Bob said one of the difficulties his company faced was farmers wanting to participate in the scheme, his company operated, was a lack of finance because there were no existing sources of obtaining loans.
I pointed out in a reply to your paper that some MPs had helped by giving out a proportion of their constituency funds to the farmers so they could join the 50 or so other farming communities already sharing in the profits of the company.
With 80 percent of the community in rural areas in what can best be described as subsistence living, something more needs to be done to help rural people earn a living and improve their well being and livelihoods.
The ANZ Bank has been promoting its ANZ-go-Money awareness scheme in the Western Province which has aided close to 20 market vendors, mostly women to open accounts with the bank.
The money the women would have deposited in their accounts would, no doubt have come from the sale of their crops or produce.
What about the majority of people who would like to begin a business, sell a few eggs, sell or farm fish, grow and sell their fruit crops or, as I have indicated, buy into the coconut virgin oil scheme outlined by Bob Porter?
The answer seems to lie in being able to obtain the money to start-up and here micro credit loans could be the answer if only existing Solomon Islands banks would initiate such loans.
Let me clarify what I am meaning about micro-credit.
Micro credit loans enable poor people to lift themselves out of poverty through entrepreneurship.
Providing loans to the poor for small enterprises is a recognized solution to alleviating poverty.
Small scale farmers in many developing countries cannot borrow from banks because they have no collateral to offer.
When loans are available the interest rate is very high so starting a new enterprise, diversifying or expanding a business is impossible for impoverished, small scale
There are organizations and institutions that do provide credit to the rural poor with a fair and practical version that differs from other typical micro finance loans that charge very high interest rates.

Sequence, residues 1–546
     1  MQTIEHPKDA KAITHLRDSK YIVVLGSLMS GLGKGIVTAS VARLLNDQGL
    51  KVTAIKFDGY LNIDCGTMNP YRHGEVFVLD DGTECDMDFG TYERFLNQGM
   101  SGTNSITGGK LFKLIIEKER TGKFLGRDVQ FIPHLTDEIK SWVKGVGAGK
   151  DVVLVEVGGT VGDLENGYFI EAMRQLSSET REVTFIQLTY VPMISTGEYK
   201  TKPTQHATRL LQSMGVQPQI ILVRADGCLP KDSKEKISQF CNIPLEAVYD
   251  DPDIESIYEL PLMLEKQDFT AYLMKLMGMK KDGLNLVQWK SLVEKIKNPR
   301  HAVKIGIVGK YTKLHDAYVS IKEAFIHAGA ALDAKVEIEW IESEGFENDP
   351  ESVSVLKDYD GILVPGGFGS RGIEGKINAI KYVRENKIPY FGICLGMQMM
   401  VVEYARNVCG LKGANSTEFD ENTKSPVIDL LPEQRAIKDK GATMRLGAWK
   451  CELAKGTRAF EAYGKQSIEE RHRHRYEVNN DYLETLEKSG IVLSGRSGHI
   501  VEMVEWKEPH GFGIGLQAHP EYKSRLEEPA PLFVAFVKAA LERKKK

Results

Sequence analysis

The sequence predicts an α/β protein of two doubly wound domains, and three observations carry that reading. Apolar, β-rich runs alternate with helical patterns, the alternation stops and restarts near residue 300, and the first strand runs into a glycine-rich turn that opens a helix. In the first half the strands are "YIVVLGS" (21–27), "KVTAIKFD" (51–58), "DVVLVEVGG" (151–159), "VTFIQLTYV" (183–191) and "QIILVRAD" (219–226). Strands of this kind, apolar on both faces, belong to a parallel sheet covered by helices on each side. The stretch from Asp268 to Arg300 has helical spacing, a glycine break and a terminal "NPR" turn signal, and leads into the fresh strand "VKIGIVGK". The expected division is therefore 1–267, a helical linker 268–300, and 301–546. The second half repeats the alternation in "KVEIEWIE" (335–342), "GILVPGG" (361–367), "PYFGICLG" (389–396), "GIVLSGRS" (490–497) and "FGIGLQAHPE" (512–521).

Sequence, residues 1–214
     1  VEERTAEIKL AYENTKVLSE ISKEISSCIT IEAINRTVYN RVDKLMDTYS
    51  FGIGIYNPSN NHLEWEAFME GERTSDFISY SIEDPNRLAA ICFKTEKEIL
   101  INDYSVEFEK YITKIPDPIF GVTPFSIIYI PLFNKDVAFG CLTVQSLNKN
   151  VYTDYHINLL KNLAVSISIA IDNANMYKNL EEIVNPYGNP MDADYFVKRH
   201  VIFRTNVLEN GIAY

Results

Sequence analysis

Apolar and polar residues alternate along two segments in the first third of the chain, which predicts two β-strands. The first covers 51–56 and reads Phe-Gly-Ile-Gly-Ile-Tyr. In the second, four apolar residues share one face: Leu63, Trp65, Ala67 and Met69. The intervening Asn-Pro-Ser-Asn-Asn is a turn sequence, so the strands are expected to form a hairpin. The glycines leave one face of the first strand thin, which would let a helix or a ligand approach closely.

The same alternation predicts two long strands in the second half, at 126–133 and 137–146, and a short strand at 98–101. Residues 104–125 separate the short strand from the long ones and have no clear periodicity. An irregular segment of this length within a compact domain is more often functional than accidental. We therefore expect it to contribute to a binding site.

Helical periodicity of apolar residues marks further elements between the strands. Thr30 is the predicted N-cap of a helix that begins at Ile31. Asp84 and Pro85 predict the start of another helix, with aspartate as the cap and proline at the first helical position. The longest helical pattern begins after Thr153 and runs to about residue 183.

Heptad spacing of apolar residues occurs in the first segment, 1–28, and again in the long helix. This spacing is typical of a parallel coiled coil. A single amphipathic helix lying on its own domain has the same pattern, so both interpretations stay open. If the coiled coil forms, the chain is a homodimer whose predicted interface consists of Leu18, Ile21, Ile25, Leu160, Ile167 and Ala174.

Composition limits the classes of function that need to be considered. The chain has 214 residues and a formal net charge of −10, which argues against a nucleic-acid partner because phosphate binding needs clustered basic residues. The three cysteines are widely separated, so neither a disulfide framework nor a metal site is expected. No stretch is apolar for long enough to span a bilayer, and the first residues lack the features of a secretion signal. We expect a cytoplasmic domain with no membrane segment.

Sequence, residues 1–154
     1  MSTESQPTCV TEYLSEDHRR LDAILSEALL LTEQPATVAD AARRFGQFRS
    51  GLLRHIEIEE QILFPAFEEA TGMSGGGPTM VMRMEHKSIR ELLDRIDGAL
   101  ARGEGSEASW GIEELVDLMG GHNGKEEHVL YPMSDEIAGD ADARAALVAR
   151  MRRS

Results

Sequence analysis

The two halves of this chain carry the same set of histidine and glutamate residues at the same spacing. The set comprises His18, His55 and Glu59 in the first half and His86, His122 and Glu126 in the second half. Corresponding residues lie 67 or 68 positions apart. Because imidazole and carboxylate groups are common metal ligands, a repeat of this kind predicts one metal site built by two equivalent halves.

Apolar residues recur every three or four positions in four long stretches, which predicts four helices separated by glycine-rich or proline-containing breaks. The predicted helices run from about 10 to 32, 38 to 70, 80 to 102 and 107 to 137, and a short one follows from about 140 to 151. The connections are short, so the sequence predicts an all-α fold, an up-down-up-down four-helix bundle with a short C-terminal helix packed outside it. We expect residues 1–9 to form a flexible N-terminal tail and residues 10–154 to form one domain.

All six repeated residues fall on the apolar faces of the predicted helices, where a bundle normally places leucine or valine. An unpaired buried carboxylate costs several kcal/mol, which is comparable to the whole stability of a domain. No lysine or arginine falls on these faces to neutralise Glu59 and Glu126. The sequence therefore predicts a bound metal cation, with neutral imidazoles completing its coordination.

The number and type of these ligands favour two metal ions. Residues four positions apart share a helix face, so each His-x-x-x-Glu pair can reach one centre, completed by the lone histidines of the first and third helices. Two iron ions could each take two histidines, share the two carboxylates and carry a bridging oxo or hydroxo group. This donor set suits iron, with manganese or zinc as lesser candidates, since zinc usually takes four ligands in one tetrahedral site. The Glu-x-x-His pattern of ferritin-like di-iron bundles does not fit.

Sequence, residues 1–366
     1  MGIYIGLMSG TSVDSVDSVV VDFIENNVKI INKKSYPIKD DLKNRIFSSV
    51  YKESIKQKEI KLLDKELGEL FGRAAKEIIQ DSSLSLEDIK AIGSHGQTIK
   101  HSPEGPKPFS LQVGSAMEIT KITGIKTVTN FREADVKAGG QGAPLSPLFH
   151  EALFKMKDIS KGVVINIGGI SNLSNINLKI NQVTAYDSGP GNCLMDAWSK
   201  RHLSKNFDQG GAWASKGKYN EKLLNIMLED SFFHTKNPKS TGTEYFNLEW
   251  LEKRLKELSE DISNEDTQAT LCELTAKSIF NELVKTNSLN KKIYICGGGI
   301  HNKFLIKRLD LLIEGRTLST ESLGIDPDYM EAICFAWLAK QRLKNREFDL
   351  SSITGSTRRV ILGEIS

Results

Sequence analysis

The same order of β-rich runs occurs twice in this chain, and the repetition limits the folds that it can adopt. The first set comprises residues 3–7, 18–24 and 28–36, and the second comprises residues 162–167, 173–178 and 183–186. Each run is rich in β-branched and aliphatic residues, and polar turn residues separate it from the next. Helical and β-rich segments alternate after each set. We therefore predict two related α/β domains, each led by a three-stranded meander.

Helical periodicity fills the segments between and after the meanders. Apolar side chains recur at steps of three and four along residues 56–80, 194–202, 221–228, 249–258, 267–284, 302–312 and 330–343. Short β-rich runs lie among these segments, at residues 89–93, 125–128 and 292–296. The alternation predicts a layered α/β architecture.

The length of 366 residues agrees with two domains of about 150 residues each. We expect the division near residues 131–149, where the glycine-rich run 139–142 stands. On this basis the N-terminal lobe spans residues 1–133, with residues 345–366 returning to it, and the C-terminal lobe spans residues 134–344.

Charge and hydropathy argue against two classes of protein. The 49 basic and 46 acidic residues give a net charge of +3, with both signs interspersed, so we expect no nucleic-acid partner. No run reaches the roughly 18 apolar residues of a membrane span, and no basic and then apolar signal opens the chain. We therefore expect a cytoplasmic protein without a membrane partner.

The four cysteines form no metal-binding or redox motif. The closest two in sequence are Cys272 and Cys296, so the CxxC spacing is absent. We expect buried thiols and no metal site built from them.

Loans are often in stages where borrowers demonstrate credit worthiness with a very small loan before advancing to a larger loan.
To give some examples. Micro credit loans have been given for meat and egg laying chickens, irrigation systems, seeds, tools, and small animals.
Women’s groups have borrowed sewing machines, a roaster for drying bananas or equipment such as pots and pans or jars for added food production.
Our neighbours in Papua New Guinea already benefit from micro credit loans, so why not in the Solomon Islands? Let me quote from what I have read about micro credit in Papua New Guinea.
‘We loan to small business people, who we like to call micro entrepreneurs,’ says Nationwide’s Tony Westaway. ‘Many of them are small traders with under five employees, family businesses, bakeries, public motor vehicle operators, and fishing businesses.
‘We have 140,000 accounts,’ he says. ‘Our main focus is on the grass roots, those 85 per cent who live in rural areas, farmers, subsistence farmers rural dwellers, people who are finding it a bit tough out there.
‘Micro-credit is increasingly becoming an important means to bridge the gap of providing access to formal banking services for the marginalized and unbanked population of the country,’ Anthony Dela Cruz, Chief Executive Officer of the People’s Micro Bank (PMBL), told Business Advantage PNG.
So what is micro-credit? Small loans, is the short answer, with a wide range of loan amounts on offer. Nationwide Microbank, for instance, will loan between K200 and K200,000. ‘Micro-credit is increasingly becoming an important means to bridge the gap of providing access to formal banking services for the marginalized and unbanked population of PNG.
If PNG can do it then so can the Solomon Islands and it is my suggestion that either the banking sector or the DCC Government consider implementing micro credit and contact with the CEO of the People’s Micro Bank (PMBL) in PNG could initiate some sound ideas, even if the Solomon Island’s banking laws and regulations might have to be amended or new legislation introduced to facilitate micro credit programs to alleviate rural poverty and bring forth a community of self-supporting, earning, entrepreneurs.